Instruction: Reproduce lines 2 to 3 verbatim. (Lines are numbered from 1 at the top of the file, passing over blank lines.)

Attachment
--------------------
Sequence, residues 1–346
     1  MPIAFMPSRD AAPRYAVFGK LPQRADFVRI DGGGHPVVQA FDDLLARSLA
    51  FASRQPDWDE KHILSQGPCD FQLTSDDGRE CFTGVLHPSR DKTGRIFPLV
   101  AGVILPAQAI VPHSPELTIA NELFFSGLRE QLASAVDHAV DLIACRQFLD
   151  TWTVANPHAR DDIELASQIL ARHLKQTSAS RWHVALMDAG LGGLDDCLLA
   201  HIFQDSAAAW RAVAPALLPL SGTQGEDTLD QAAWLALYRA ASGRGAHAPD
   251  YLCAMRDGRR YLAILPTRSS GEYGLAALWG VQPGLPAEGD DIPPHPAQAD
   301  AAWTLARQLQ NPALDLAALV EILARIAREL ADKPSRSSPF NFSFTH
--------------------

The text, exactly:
     1  MPIAFMPSRD AAPRYAVFGK LPQRADFVRI DGGGHPVVQA FDDLLARSLA
    51  FASRQPDWDE KHILSQGPCD FQLTSDDGRE CFTGVLHPSR DKTGRIFPLV